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Preconcentration of Pb(II) by Magnetic Metal-Organic Frameworks and Analysis Using Graphite Furnace Atomic Absorption Spectroscopy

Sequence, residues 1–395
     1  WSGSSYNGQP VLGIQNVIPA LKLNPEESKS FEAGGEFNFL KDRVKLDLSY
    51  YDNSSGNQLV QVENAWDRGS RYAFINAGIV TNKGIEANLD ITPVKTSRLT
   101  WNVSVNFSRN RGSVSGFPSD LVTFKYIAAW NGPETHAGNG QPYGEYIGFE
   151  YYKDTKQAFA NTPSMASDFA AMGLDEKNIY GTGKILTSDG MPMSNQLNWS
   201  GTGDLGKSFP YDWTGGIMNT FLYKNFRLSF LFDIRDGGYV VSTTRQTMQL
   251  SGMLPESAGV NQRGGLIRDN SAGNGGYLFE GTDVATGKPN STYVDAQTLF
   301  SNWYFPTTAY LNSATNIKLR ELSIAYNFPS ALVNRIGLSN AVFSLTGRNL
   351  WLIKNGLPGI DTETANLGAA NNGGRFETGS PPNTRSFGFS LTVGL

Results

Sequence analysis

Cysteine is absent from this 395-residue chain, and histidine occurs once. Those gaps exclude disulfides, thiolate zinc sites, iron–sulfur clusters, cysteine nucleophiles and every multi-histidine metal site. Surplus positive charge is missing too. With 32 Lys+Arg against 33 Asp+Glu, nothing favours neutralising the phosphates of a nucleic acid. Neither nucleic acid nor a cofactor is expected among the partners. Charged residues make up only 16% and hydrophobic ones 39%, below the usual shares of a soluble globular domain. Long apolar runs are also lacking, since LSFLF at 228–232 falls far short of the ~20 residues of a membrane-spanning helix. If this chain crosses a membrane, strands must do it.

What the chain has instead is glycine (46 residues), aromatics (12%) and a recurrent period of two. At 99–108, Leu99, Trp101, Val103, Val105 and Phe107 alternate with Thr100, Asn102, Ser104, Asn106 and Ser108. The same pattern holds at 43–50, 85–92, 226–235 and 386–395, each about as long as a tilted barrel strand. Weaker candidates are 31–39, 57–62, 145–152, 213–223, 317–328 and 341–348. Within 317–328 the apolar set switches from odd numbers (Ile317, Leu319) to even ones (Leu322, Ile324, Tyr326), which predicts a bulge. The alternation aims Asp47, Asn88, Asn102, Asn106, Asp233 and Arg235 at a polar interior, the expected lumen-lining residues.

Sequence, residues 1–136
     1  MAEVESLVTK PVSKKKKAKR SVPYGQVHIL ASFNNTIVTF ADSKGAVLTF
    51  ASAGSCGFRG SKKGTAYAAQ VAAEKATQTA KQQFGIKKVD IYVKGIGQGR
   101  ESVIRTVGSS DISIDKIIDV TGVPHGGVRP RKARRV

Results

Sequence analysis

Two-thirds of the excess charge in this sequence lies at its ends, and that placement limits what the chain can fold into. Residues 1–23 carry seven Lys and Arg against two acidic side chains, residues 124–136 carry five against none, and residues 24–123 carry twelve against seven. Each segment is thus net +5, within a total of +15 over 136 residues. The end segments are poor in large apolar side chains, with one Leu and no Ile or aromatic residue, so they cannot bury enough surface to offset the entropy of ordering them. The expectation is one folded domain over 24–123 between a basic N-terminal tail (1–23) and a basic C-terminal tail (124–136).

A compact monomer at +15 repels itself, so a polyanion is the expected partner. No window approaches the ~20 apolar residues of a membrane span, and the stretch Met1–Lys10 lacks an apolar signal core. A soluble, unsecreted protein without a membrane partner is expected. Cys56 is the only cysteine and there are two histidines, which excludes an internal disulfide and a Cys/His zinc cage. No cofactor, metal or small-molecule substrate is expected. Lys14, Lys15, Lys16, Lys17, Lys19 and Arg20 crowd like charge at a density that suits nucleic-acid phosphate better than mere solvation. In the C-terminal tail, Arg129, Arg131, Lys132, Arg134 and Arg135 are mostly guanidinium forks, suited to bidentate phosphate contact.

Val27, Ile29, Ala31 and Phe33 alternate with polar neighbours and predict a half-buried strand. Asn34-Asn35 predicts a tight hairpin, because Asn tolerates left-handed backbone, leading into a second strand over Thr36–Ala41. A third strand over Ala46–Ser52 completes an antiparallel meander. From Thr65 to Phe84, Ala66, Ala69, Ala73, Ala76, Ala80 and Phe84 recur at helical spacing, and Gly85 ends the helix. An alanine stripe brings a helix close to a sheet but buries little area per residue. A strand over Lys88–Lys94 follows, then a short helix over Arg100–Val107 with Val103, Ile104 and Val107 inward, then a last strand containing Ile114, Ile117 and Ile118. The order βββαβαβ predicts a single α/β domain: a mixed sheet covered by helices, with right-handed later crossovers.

Preconcentration of Pb(II) by Magnetic Metal-Organic Frameworks and Analysis Using Graphite... Hindawi Journal of Analytical Methods in Chemistry Volume 2023, Article ID 5424221, 10 pages https://doi.org/10.1155/2023/5424221 Research Article Preconcentration of Pb(II) by Magnetic Metal-Organic Frameworks and Analysis Using Graphite Furnace Atomic Absorption Spectroscopy 1 1,2 1 Arman Sharifi, Rahman Hallaj , and Soleiman Bahar Department of Chemistry, University of Kurdistan, Sanandaj 66177-15175, Iran Research Center for Nanotechnology, University of Kurdistan, Sanandaj 66177-15175, Iran Correspondence should be addressed to Rahman Hallaj; rhallaj@uok.ac.ir and Soleiman Bahar; s.bahar@uok.ac.ir Received 31 July 2022; Revised 16 December 2022; Accepted 26 December 2022; Published 17 January 2023 Academic Editor: Luca Tortora Copyright © 2023 Arman Sharif et al. Tis is an open access article distributed under the Creative Commons Attribution License, which permits unrestricted use, distribution, and reproduction in any medium, provided the original work is properly cited. In this study, a magnetic metal-organic framework (MOF) was synthesized based on magnetic Fe O , Cu(II), and benzene-1,3,5- 3 4 tricarboxylic acid (Cu-BTC) as a sorbent for solid phase extraction (SPE) of trace amounts of Pb(II) in water and lettuce samples. Pb(II) ion was adsorbed on the magnetic MOF and easily separated by a magnet; therefore, no fltration or centrifugation was −1 necessary. Te analyte ions were eluted by HCl 0.5 mol·L and analyzed via graphite furnace atomic absorption spectroscopy. Te prepared sorbent was characterized by scanning electron microscopy (SEM), energy-dispersive spectroscopy (EDS), and Fourier −1 transform-infrared (FT-IR) spectroscopy. Under optimal experimental conditions, the method had a linear range of 0.1–50 μg·L . −1 Te limits of detection and quantitation for lead were found to be 0.026 and 0.08 μg·L , respectively. Te results showed that the 2+ prepared sorbent has high selectivity for Pb even in the presence of other interfering metal ions. (ETAAS) [5], inductively coupled plasma optical emis- 1. Introduction sion spectroscopy (ICP OES) [6], and fame atomic ab- Lead is a very stable and nonbiodegradable element that sorption spectroscopy (FAAS) [7]. However, their accumulates in the environment [1]. It is considered as one selectivity and sensitivity are insufcient for direct de- of the toxic heavy metals which can cause damage to human termination of lead in real samples at very low concen- health, even at low concentrations. Many diseases such as trations, and on the other hand, most of these samples anemia, cardiovascular and developmental disorders, and have complex matrices [8]. In order to overcome these muscle paralysis are related to Pb(II) and can harm the liver, problems, preconcentration and separation procedures kidneys, the central nervous system, the endocrine system, such as solid phase extraction (SPE) [9, 10], liquid-liquid the hematopoietic system, and the reproductive system extraction [11], cloud point extraction [12], and ion [2, 3]. Humans are generally exposed to Pb through exchange [13] have been performed. breathing air, drinking water, and eating food. Te maxi- Among the mentioned methods, SPE is the most mum allowable level of lead in drinking water by the US common technique applied for the preconcentration and Environmental Protection Agency (EPA) and the European extraction of Pb(II) from environmental and food sam- −1 −1 Union (EU) is 15 μg·L and 10 μg·L , respectively. Con- ples. SPE has many obvious advantages, such as high sequently, developing an efective and highly efcient enrichment factor, high recovery, low consumption of method to monitor this hazardous element is necessary. organic solvents, and convenience of operation [14, 15]. It Numerous techniques have been used for the de- is usually acknowledged that sorbent plays a signifcant termination of lead, such as the electrochemical method role in the SPE technique because of analytical sensitivity, [4], electrothermal atomic absorption spectrometry precision, and selectivity. 2 Journal of Analytical Methods in Chemistry Table 1: Instrumental parameters and graphite furnace temper- ferric chloride, Cu(OAc) ·H O (98%), ethanol (C H OH), 2 2 2 5 ature conditions for Pb determination. dichloromethane (CH Cl ), N, N-dimethylformamide 2 2 (DMF), polyvinylpyrrolidone (PVP), citric acid (CA), and Instrumental parameters 25% ammonia solution was purchased from Merck Wavelength (nm) 283.3 (Darmstadt, Germany). Working reference solutions were Spectral bandwidth (nm) 0.5 prepared by stepwise dilution from the stock solution. Lamp current (mA) 10 Trimesic acid (H BTC) was purchased from Sigma-Aldrich. Sample volume (μL) 20 Integration mode Peak area All reagents and solvents were used in this work as received Background correction Deuterium without further purifcation. Graphite furnace temperature conditions Argon fow rate Step Temperature ( C) −1 2.2. Apparatus. All experiments were performed with the (L·min ) Varian spectrAA 220 (Australia) atomic absorption spec- Drying 80 3 trometer equipped with a deuterium background correction Drying 120 3 system and electrothermal atomizer, GTA-110. A hollow Pyrolysis 300 3 cathode lamp was used to determine lead at wavelength of Atomization 1900 0 283.3 nm and lamp current of 10.0 mA, with spectral bandwidth Cleaning 2100 3 of 0.5 nm. Te instrumental parameters and graphite furnace temperature conditions are presented in Table 1. Te pH of all Metal-organic frameworks (MOFs) are employed as solutions was measured with a pH-meter model 713 from excellent novel adsorbents owing to their signifcant char- Metrohm. Te FT-IR spectrometer (Vector-22 Bruker spec- acteristics such as high specifc surface area, high thermal trophotometer, Switzerland) was used for functional groups of and chemical stability, adjustable pore sizes, and rich magnetic MOFs. Te scanning electron microscopy (SEM) and functionalities [16, 17]. MOFs are porous crystalline ma- energy-dispersive spectroscopy (EDS) images were obtained terials that are constructed from metal ions and organic with Mighty-8 instrument (TSCAN Company, Prague). linkers via strong coordination bonds and arranged in the form of a network structure [18]. MOFs have signifcant 2.3. Sample Preparation. Te prepared sorbent was applied to applications in the feld of gas storage [19], drug delivery the determination of Pb in several real samples. Tap and mineral [20], catalysis [21], and adsorption [22]. MOFs have shown water samples were prepared from Sanandaj in Iran. According desirable adsorption for heavy metals and drugs [23, 24]. to the optimized experimental conditions, the pH of the sample Filtration and centrifugation are the methods used for the was adjusted at 5.5 and analyzed without pretreatment or fl- recovery of MOFs. But these methods, because of the slow tration. For preparing spiked samples of lettuce, 0.5 g of lettuce speed, high cost, and cumbersome operating steps, limit the was digested after the addition of 10 mL of HNO (65%). Ten, large-scale application of MOFs. Terefore, preparing the the mixture was centrifuged and the supernatant was fltered MOF material that can be separated easily is essential. through a flter (0.45 μm). Te residue solution was evaporated Magnetic MOFs, due to their superparamagnetic to dryness and then redissolved in 50 mL of double-distilled properties, can be easily separated from the matrix by water, and the pH of the sample was adjusted to 5.5 using employing a strong external magnetic feld and redispersed −1 NaOH 0.1 mol·L . Te analysis was carried out as indicated in in the eluent once the external magnetic feld is removed. the procedure section. Magnetic MOFs avoid taking steps such as fltration and centrifugation. In the current work, we have synthesized magnetic 2.4. Synthesis of Carboxyl Functionalized Fe O Nanoparticles. 3 4 MOFs by assembling Cu(II) and benzene-1,3,5-tricarboxylic Fe O nanoparticles were prepared by a hydrothermal method 3 4 acid (Cu-BTC) thin layers bonded through carboxyl groups [25]. Briefy, 4.44 g of FeCl .6H O and 1.73 g of FeCl .4H O 3 2 2 2 on the surface of magnetic Fe O nanoparticles for the 3 4 were dissolved in 80 mL of water. Ten, in the refux conditions, extraction of trace Pb(II) ion followed by graphite furnace under N2 protection and stirring at 1000 rpm, the temperature atomic absorption spectroscopy. Tese Cu-BTC@Fe O 3 4 was slowly increased to 70 C. After stirring for 30 min, 20 mL of nanocomposites have large pores and cavities that can the ammonia solution was added to the mixture, and we kept signifcantly increase the surface area. Te super- ° stirring the solution for another 30 min at 70 C. Ten, 4 mL of −1 paramagnetic properties of Fe O contribute to the rapid 3 4 the aqueous solution of the citric acid (0.5 g·mL ) was added to separation of the adsorbent from the matrix solution. Te ° the mixture and the temperature was set to 90 C under refux carboxyl groups present in Cu-BTC provide more bonding and reacted for 60 min with continuous stirring. Ten, it was sites for the lead ion. Based on these considerations, the cooled to room temperature and the black precipitate was preconcentration and determination of lead ions in the isolated using an external magnetic feld and washed with diferent real samples can be readily achieved. ethanol and water. 2. Experimental 2.5. Synthesis of Cu-BTC@Fe O Nanocomposite. 3 4 –1 2.1. Materials. Te stock standard solution of 1000 mg L Synthesis of nano-scaled core-shell Cu-BTC@Fe O was 3 4 lead for atomic absorption spectroscopy, ferrous chloride, achieved by a one-pot strategy [26]. At frst, 0.200 g of PVP Journal of Analytical Methods in Chemistry 3 2+ CA PVP Cu BTC 2+ Cu Scheme 1: Route of synthesis of Cu-BTC@Fe O nanocomposite. 3 4 and 0.100 g of Cu(OAc) ·H O were dissolved in 90 mL of Te surface morphology of the prepared Cu-BTC@ 2 2 mixed solvent of DMF/C H OH/H O (1 :1 :1) under me- Fe O nanocomposite was investigated using scanning 2 5 2 3 4 chanical stirring. Ten, 0.200 g of carboxyl functionalized electron microscopy (SEM). As shown in Figure 1(b), the Fe O was added to the mixture and kept for 10 min with prepared sorbent has nanobelt morphology and smooth 3 4 vigorous stirring at 900 rpm. Ten, 0.300 g of trimesic acid surface with lengths of 10–20 μm. After adsorption of Pb(II), and another 0.100 g of Cu(OAc) ·H O were added to the surface became rougher, indicating that Pb(II) ion was 2 2 reaction mixture and stirred for more than 12 h; the obtained adsorbed on magnetic MOF (Figure 1(c)). Te EDS spec- products were washed with DMF/C H OH/H O (1 :1 :1) trum of Cu-BTC@Fe O nanocomposite is shown in 2 5 2 3 4 and ethanol for three times. Finally, the black powder was Figure 1(d). Te existence of Fe, O, Cu, and C elements dried at 60 C for 3 h. Te route for the synthesis of Cu-BTC@ confrms successful synthesis of Cu-BTC@Fe O nano- 3 4 Fe O nanocomposites is shown in Scheme 1. composite. EDS spectrum (Figure 1(e)) and the mapping 3 4 analysis (Figure 2) ensure that Pb(II) ions are adsorbed on Cu-BTC@Fe O nanocomposite. 3 4 2.6. Measurement Procedure. 2 mL of the Pb(II) solution was added to diferent doses of magnetic MOFs (1− 4 mg) in 3.2. Optimization of the Efective Variables. Several param- a 10 mL glass vial with magnetic stirring at 1000 rpm. Te −1 eters that may afect the preconcentration and extraction pH of Pb(II) solution was adjusted with HCl (0.1 mol·L ) −1 process, such as pH of the sample solution, adsorption time, and NaOH (0.1 mol·L ) from 2 to 10. Ten, the solution was efect of the type, concentration of eluent, desorption time, stirred for 5 min. Magnetic MOFs were separated from the sorbent amount, and reusability of the adsorbent, were sample solution using a magnetic feld, and supernatant optimized. Te optimization was carried out on 2 mL of water was decanted. Finally, the sorbent was washed with −1 −1 50 μg·L lead aqueous solution. deionized water and eluted using 500 μL of HCl 0.5 mol·L at a stirring rate of 1000 rpm. Ten, analyte ions in the elution solutions were determined by GF AAS. Te mea- 3.2.1. Efect of Sample Solution pH. Te pH has a signifcant surement procedure of the proposed strategy is shown in role in the SPE studies of metal ions. Terefore, the Scheme 2. pH aqueous sample solution on the preconcentration of lead ions was changed in the range of 2.0–10.0. As shown in 3. Results and Discussion Figure 3(a), the absorbance of Pb increased with the increase of sample pH up to 5.5 and then decreased at high pH. 3.1. Characterization of Cu-BTC@Fe O Nanocomposites. 3 4 However, for pH> 5.5, due to the formation of Pb(OH) , Figure 1(a) shows the FTIR spectra of Cu-BTC@Fe O 3 4 − absorbance was decreased. At pH< 5.5, the COO ions –1 nanocomposite. Te broad band at 3450 cm is assigned present on the surface sorbent can bind positive Pb(II) ions to the stretching vibration of OH groups, and the band at through electrostatic interactions, but at very low pH, hy- –1 1643 cm is attributed to the C�O stretching vibration of drogen cations can interact with the oxygen electrons. the carbonyl group in H3BTC. Te band located at −1 Terefore, pH 5.5 was selected as the optimum pH. 1440 cm could be ascribed to the C−C frame vibration of the aromatic nucleus conjugated with C�O. Te peaks −1 at 1374 cm can be attributed to the C�C stretching 3.2.2. Efect of Adsorption Time. Te efect of the extraction −1 vibration in H BTC. Te band at around 575 cm can be time on the adsorption of Pb(II) was examined in the range attributed to the Fe–O stretching vibrational mode of of 3 to 45 min. As presented in Figure 3(b), the results Fe O . showed that after 5 min, absorbance reaches a maximum and 3 4 HCI Elution 4 Journal of Analytical Methods in Chemistry Magnetic Separation Adsorption Adsorbent pb (II) Other substrant With Preconcentration Injection Readout Without Preconcentration 2+ Scheme 2: Schematic diagram of the proposed strategy for preconcentration of Pb . remains almost constant from 5 to 45 times, indicating that 3.2.4. Efect of Sorbent Amount. Te efect of sorbent the process of sorption is very quick. Finally, 5 min was used amount on the preconcentration of lead was investigated in for further experiments. the range of 1.0–4.0 mg. As shown in Figure 3(e), absorbance increased to 3.0 mg and remained constant. Tis develop- ment is due to an increase in the surface area and available 3.2.3. Efect of the Type, Concentration of Eluent, and De- sites for the adsorption of the analytes. Terefore, 3.0 mg was sorption Time. Eluent solution and desorption time as used in all subsequent experiments. essential factors in the preconcentration and extraction process were studied. Eluent solution must be able to dissolve the target analyte and overcome the bond be- 3.2.5. Reusability of the Adsorbent. Repeated experiments tween the analyte and the adsorbent. According to the were performed to check the reusability of Cu-BTC@Fe O 3 4 results of the efect of pH, acid solution may be a good nanocomposites. After collecting the used adsorbent, Pb(II) choice as an eluent. Terefore, a series of acidic solutions was desorbed from the adsorbent by treatment with HCl −1 of HCl and HNO with diferent concentrations (0.01, 0.1, 0.5 mol·L . As shown in Figure 3(f), the adsorbent stability −1 0.3, 0.5, and 1.0 mol·L ) were employed. As shown in was good and no signifcant change was observed for the −1 2+ Figure 3(c), when HCl 0.5 mol·L was used, the highest absorbance of Pb up to 5 adsorption-desorption cycles. desorption efciency was achieved. Finally, HCl Tus, these results demonstrate that Cu-BTC@Fe O 3 4 −1 0.5 mol·L was chosen as the eluent to ensure complete nanocomposites are efcient and cost-efective adsorbents desorption in subsequent studies. In order to complete with good potential for reuse. desorption of lead ions from the surface of magnetic MOFs, desorption time was examined. As shown in Figure 3(d), 5 min was chosen as the optimal 3.3. Efect of the Interfering Ions. Te efect of metal ions on desorption time. the signal intensity was studied under optimal conditions. In Journal of Analytical Methods in Chemistry 5 350 1350 2350 3350 -1 Wavenumber (cm ) (a) (b) CuLα C Kα O Kα FeLα CuKα FeKα FeKβ CuKβ leV 0 5 10 (c) (d) O Kα CuLα C Kα FeLα PbMα CuKα FbMβ FeKα FeKβ CuKβ leV 01 5 0 (e) Figure 1: (a) FTIR spectra of Cu-BTC@Fe O nanocomposite. (b, c) SEM images of magnetic MOF before and after adsorption. (d, e) EDS 3 4 images of Cu-BTC@Fe O nanocomposite before and after adsorption. 3 4 Transmittance (%) 6 Journal of Analytical Methods in Chemistry 2+ Figure 2: Elemental mapping of Cu-BTC@Fe O after adsorption of Pb . 3 4 −1 these experiments, 10 μg·L of the lead standard solution of the calibration curve, respectively. Tis LOD was lower was spiked with various concentrations of interfering ions than that of the US Environmental Protection Agency (EPA) 2+ 3+ 2+ 2+ 2+ 3+ 2+ 2+ 2+ such as Cd , As , Hg , Ni , Cu , Fe , Co , Mn , Ca , and the European Union (EU). Te limit of quantifcation, 2+ + + 2+ −1 Mg , K , Na , and Zn . Ions were considered to interfere defned as LOQ � 10S /m, was found to be 0.08 μg·L . Te when the deviation of the recovery was more than ±5%. Te preconcentration factor, defned as the ratio of Pb(II) ion results in Table 2 show that the ions do not interfere in the concentrations after extraction to concentrations before determination of lead. Tus, the proposed method is robust extraction, was 3.9. In addition, the comparison of the for lead determination. proposed method with the other reported preconcentration methods for extracting Pb(II) ion from water samples is shown in Table 3. 3.4. Analytical Performance of the Method. Under the op- timized conditions, the performance of the developed method was investigated for the determination of lead 3.5. Analysis of Real Sample. Te method was used for the according to the measurement procedure. As shown in determination of lead in tap water, mineral water, and Figure 4, the calibration curve was linear in the range of lettuce samples according to the standard addition method. −1 0.1–50 μg·L . Te linear regression equation was Diferent concentrations of lead were spiked and analyzed A � 0.0178C + 0.158, where A is the absorbance value of the using the proposed method. As shown in Table 4, the re- eluent and C is the concentration of lead (ppb) with coveries in the range of 98.84–101.30% and RSD in the range of 0.25–3.02 were obtained by the proposed method. Tese a correlation coefcient square (r ) of 0.9943. Te limit of −1 detection (LOD) was 0.026 μg·L and calculated using results indicate that the proposed method is suitable for the equation LOD � 3S /m, where S and m represent the separation and preconcentration of lead from water and b b standard deviation of three replicate blank signals and slope other samples. Journal of Analytical Methods in Chemistry 7 1.4 1.2 1.15 1.1 1.2 1.05 0.95 0.8 0.9 0.8 0.85 A A 0.6 0.8 0.6 5.3 5.4 5.5 5.6 5.7 pH 0.4 0.4 0.2 0.2 0 0 0 1020304050 02468 10 12 pH Adsorption time (min) (a) (b) 1.4 1.4 1.2 1.2 1 1 0.8 0.8 0.6 0.6 0.4 0.4 0.2 0.2 HCl HCl HCl HCl HCl HNO3 0 1020304050 (0.01 ) (0.1 ) (0.3 ) (0.5 ) (1.0 ) (0.01 ) Desorption time (min) -1 Eluent (mol L ) (c) (d) 1.2 1.2 1 1 0.8 0.8 A 0.6 A 0.6 0.4 0.4 0.2 0.2 0 0 Recycles Sorbent amount (mg) (e) (f) Figure 3: (a) Efect of sample solution pH. (b) Efect of adsorption time. (c) Efect of the type and concentration of eluent. (d) Efect of desorption time. (e) Efect of sorbent amount. (f) Reusability of the adsorbent. 8 Journal of Analytical Methods in Chemistry −1 Table 2: Efect of interfering ions in the presence of 10 μg·L lead. Interfering ions Interferent/Pb(II) ratio Recovery (%) 2+ Cd 100 96 3+ As 300 98 2+ Hg 200 97 2+ Ni 200 100 2+ Cu 200 99 3+ Fe 400 97 2+ Co 150 98 2+ Mn 200 99 2+ Ca 150 98 2+ Mg 150 97 Na 200 99 K 200 97 2+ Zn 100 96 1.2 1 y = 0.0178x + 0.158 R = 0.9943 0.8 A 0.6 0.4 0.2 0 10 20 30 40 50 60 -1 Concentration (µg L ) 2+ Figure 4: Calibration curve for Pb ion determination. Table 3: Comparison of the proposed method with some diferent methods for determination of lead. −1 −1 Preconcentration technique Detection method LOD (μg·L ) Linear range (μg·L ) Reference SPE FAAS 0.29 1.0–20 [27] SPE FAAS 0.7 3.0–100 [28] CPE UV-vis 3.9 5.0–100 [29] SPE GF AAS 0.0008 0.005–0.5 [30] SPE GF AAS 0.11 10–250 [5] DLLME GF AAS 0.003 0.01–3 [31] SPE GF AAS 0.026 0.1–50 Tis work CPE: cloud point extraction; DLLME: dispersive liquid-liquid microextraction. Table 4: Determination of lead in real samples. −1 −1 −1 Samples Measured (μg·L ) Added (μg·L ) Found (μg·L ) Recovery (%) RSD (n � 3) 5 5.24 98.87 0.50 Tap water 0.30 10 10.27 99.71 0.25 5 5.01 100.2 1.2 Mineral water ND 10 10.13 101.3 3.02 5 5.30 99.06 1.89 Lettuce 0.35 10 10.32 99.7 1.55 ND (not detected) � below the limit of detection. BTC@Fe O nanocomposite signifcantly enhanced the 4. Conclusions 3 4 sensitivities of lead. By applying an external magnetic feld, In this work, magnetic MOFs were applied for the separation magnetic MOFs are separated from solution which avoids and preconcentration of trace amounts of lead from water fltration and centrifugation steps. Te adsorbed ion of and other samples. Te carboxyl groups present in Cu- Pb(II) was ready to be desorbed with HCl solution followed Journal of Analytical Methods in Chemistry 9 of trace heavy metals in natural water,” Te Analyst, vol. 140, by GF AAS analysis. 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Preconcentration of Pb(II) by Magnetic Metal-Organic Frameworks and Analysis Using Graphite Furnace Atomic Absorption Spectroscopy